Contreras-Jordán, R. M. & Ramírez-Ávila, R. M. (2021). | 65 research objectives were to determine if students improve their vocabulary knowledge, if they improve their reading comprehension in English as Foreign Language (EFL), and their perspectives towards vocabulary and reading comprehension. Regarding vocabulary, Spratt, Pulverness, and Williams (2005) defined it as an indi- vidual or group of words which have their meaning according to the context. I. S. P. Na- tion (2001) suggested teaching vocabulary by deliberate instruction of form, use, or meaning. This study focuses on the form and meaning. The parts of speech that were considered for this study were the following: nouns, verbs, adjectives, and ad- verbs. Sonbul and Schmitt (2009) stated that direct and explicit vocabulary instruction within reading passages is the best pedagogical technique for constructing a vast range of L2 vocabulary and consequently to improve reading proficiency. Pang, Muaka, Bernhardt, and Kamil (2003) stated that reading is a complex process associated with personal judgement and thought. They added that the process of reading involves word recognition and comprehension. Word recognition is noticing the written word, the spoken language, and comprehension to be knowledgeable with the meaning of the text. Spratt et al. (2005) mentioned that knowing a word involves meaning in context, form and use. Suleiman-Alyousef (2006) highlighted that reading comprehension is an interactive process between the reader and the text in which different processes take place. For this author, the first process is the automatic recognition of the content. Glenberg (2011), “reading comprehension, much like comprehension of situations and com- prehension of oral language, is embodied” (p.5) which means that comprehension includes taking action about the physical world, individual objectives, and cultural background. Burrows and Holsworth (2016) conducted a study about how word recog- nition technique helped to improve reading comprehension in Japanese students. They concluded that it should be permanently practiced in classrooms. Some studies have proven that gaining vocabulary through word recognition skills improves students´reading performance. Cuadro, Balbi, and Luis (2017) demonstrated in their research that precise and fluid word recognition has a great incidence on stu- dents’ reading comprehension because of the speed in which students get the accurate comprehension answers. In fact, K. Nation and Snowling (1998) stated that children with reading comprehension difficulties had weaker semantic skills causing a restric- tion for word recognition development. Li and Kirby (2014) analyzed the relationship between vocabulary repertoire and vocabulary meaning knowledge with English read- ing in Chinese students. They said that “both breadth and depth of vocabulary are required for adequate L2 word reading and reading comprehension” (p. 631). For the purpose of word recognition, Google sheets were used. Firth and Mesureur (2010) stated that Google drive is useful for teaching assignments management, re- porting grades, extensive reading, homework production and submission, self and peer assessment, feedback, and collaborative writing. They added that Google drive is a free online tool given by Google. Users can share documents and work collaboratively in real time. It also gives the opportunity to store documents in the cloud hosted on the internet. This tool has Google docs, sheets, and slides. Brescó and Verdú (2014) assessed the use of collaborative tools such as Wikispaces and Google drive in higher education, Google drive obtained better outcomes for communication and organizing work. Furthermore, Moore (2016) emphasized Google Drive as an effective tool, to prepare students for the job market and to be competitive workers. Teh and Morgan (2005) mentioned that the sheets serve to organize and visualize data in a friendly way. Most of the studies in which sheets were used are related to statistics (Lee, Park, Choi, & Kim, 2016; Siddamsetty, Siddamsetty, & Sivasankar, 2017) or any other numerical subject (Uddin, Ahsanuddin, & Khan, 2017), or even to teach technology (Willis, 2016) but there is not research in which sheets were used for learning a language.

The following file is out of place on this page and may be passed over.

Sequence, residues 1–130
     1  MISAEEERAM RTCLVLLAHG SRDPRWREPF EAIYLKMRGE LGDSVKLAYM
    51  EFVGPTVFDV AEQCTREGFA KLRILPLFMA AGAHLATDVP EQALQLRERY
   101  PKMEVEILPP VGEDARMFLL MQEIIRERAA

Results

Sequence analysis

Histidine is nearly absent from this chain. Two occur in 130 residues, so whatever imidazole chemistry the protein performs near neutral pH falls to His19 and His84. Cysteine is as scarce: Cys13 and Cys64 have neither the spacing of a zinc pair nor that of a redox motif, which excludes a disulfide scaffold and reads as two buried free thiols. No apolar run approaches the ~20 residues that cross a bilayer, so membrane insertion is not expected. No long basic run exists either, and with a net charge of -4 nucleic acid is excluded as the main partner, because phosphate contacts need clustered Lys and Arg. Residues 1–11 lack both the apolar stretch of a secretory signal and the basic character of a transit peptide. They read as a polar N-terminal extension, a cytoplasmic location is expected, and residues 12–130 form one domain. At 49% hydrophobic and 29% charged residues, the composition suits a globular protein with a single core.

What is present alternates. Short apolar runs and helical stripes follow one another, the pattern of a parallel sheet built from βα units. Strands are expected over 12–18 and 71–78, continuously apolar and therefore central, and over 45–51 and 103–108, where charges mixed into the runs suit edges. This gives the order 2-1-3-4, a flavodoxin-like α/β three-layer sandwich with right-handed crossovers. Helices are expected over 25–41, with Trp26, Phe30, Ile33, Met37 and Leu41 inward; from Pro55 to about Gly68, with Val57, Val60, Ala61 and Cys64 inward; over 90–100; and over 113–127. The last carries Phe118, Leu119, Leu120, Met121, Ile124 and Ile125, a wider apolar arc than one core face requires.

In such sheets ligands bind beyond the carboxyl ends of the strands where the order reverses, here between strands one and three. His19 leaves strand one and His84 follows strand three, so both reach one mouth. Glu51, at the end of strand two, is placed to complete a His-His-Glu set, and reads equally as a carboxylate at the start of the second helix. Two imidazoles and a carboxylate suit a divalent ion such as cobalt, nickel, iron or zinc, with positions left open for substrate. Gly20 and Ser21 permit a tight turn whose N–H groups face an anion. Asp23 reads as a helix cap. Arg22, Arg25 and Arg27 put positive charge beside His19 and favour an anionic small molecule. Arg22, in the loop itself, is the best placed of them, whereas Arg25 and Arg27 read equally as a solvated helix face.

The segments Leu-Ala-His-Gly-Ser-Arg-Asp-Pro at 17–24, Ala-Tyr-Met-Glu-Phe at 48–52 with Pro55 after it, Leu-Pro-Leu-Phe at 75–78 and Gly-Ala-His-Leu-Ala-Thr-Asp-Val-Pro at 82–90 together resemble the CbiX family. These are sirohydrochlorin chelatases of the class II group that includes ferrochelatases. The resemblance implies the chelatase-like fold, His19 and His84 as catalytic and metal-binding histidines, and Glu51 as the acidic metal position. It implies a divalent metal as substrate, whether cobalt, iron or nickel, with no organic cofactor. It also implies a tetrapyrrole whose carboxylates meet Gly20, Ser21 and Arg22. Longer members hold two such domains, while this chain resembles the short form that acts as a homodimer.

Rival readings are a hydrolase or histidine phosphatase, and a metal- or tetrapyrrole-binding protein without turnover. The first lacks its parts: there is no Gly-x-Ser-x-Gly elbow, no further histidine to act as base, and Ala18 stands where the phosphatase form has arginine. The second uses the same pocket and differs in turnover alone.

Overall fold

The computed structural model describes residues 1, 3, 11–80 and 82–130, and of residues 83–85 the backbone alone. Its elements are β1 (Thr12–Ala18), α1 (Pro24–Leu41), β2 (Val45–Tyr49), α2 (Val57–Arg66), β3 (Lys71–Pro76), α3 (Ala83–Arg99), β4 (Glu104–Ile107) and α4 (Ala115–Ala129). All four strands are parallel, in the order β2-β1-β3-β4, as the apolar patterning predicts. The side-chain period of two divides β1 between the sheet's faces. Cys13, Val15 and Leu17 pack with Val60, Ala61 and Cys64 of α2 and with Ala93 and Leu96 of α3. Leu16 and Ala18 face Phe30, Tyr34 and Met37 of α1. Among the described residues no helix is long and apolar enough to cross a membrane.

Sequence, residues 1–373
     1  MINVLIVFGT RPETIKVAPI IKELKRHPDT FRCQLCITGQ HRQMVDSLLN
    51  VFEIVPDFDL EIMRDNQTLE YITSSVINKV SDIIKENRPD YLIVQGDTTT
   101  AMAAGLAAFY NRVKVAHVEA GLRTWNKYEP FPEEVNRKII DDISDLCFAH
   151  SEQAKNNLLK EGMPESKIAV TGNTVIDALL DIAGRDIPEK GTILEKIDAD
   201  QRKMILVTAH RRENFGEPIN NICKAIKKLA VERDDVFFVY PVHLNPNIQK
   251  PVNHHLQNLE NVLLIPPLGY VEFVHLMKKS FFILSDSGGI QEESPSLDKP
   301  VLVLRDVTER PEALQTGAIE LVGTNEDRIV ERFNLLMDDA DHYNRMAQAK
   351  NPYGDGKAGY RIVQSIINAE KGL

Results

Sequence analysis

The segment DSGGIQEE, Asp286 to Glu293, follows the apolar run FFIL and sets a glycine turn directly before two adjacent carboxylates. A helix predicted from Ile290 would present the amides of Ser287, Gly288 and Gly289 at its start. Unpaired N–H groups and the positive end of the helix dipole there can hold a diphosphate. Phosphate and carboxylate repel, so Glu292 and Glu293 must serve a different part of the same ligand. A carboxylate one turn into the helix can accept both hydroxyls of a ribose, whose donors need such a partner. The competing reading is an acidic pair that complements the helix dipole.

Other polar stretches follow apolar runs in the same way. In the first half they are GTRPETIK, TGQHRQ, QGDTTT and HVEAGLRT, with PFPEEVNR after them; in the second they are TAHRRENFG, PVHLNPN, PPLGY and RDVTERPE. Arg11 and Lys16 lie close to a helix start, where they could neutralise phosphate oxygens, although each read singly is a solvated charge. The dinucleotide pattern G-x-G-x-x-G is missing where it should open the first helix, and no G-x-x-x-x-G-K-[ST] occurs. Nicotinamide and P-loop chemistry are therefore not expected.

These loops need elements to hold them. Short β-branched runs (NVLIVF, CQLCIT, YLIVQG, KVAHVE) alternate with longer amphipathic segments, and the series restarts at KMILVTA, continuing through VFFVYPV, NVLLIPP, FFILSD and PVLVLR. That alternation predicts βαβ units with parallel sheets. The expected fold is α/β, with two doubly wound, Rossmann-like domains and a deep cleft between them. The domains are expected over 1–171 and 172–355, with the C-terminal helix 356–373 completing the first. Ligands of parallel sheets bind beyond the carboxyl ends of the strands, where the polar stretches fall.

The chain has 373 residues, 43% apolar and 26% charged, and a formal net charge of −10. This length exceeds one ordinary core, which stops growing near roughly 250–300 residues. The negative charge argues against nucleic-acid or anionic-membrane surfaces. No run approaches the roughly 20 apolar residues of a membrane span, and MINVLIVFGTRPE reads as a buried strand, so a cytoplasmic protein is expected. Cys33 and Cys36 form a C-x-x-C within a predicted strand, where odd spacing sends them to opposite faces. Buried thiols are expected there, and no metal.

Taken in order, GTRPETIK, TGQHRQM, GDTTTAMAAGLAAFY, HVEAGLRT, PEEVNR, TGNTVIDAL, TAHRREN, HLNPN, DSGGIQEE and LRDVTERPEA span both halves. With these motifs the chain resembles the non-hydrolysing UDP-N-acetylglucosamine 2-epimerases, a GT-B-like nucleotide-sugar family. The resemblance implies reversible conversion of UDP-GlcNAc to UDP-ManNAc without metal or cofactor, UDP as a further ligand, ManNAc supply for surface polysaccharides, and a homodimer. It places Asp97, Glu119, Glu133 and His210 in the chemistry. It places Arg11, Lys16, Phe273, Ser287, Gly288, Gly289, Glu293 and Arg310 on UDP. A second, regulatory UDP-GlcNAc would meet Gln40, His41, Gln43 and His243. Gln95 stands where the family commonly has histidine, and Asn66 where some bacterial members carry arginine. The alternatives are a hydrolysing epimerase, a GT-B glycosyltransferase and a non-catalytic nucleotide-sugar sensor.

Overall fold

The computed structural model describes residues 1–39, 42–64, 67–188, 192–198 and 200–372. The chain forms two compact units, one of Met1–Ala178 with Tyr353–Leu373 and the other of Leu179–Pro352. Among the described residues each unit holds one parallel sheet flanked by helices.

Research in Education and Learning Innovation Archives | DOI: 10.7203/realia.27.20731 66 The next step, after word recognition, was that students read and comprehend the content of the text. For that purpose, two strategies are well-recognized to improve reading comprehension: skimming and scanning. Regarding skimming, Spratt et al. (2005) stated that it aims at a general background about the text. Ngoc (2015) empha- sized that it allows readers to get the core of a text superficially. The same authors described scanning as a subskill which helps students to look for specific informa- tion. Ngoc (2015) established that scanning follows three steps: define the keywords needed, search these words rapidly in the text, and read the content around them to see if they give the information the reader is looking for. Lastly, students´perceptions of the use of Google drive was also investigated. Brescó and Verdú (2014); Sadik (2016) reported that students’ perspectives were positive re- garding the use of Google drive. They perceived it as an easy, user-friendly, and useful tool for academic tasks. Students’ attitudes towards using Google drive focused on communication or work organization. After the literature review, the following gaps have been found in the research: There are not research studies regarding reading in higher education that have ex- plored parts of speech, skimming, and scanning; research included here were applied in international contexts not locally; and, there are not studies that have been im- plemented to test the effectiveness of Google drive sheets to learn vocabulary in EFL contexts. 2. MATERIALS AND METHODS Action Research (AR) was chosen to conduct this study. According to Dick (2015), AR is a set of allied processes which applies different methods and tools in order to provoke a change; and this adjustment should imply an improvement in a specific issue. Thus, this study is an AR with quantitative and qualitative analysis. 2.1. Participants The convenient sample was one group of 20 students. They were in one class that was assigned to the teacher and corresponded to the fourth out of six levels of English avail- able. All the students attended a public university located in Ecuador. Regarding the placement test results, students’ English level was A1 according to the CEFR (Common European Framework of Reference). It seems students completed the requirements to pass the previous level but their level was not improving the way it should. In the fourth level, students should demonstrate an A2 level. Most of the participants were female (80%), their socioeconomic background was low to medium mostly, and the majority were between 17 and 22 years old (75%). Moreover, students reported having access to technology from home (90%). The in- stitution did not have free internet connection for students. The computer laboratory was not always available. This sometimes was a constraint in this study. 2.2. Instruments To draw the sample characteristics, a demographic survey was taken to describe the 20 participants. The demographic survey contained nominal data such as gender, yes-no questions, and open-ended questions; ordinal data like the knowledge they had about technology and English proficiency level. Because of the researcher’s own experience, classes are multilevel. Due to that fact, an English proficiency test was taken to elaborate the lesson plan according to student’s actual level. The proficiency English test was taken online through https:// www.mmpublications.com/Online-Placement-Test which is a free test. To answer the first research question: To what extent will students classify vocab- ulary into parts of speech correctly? A pretest and posttest was applied. It was a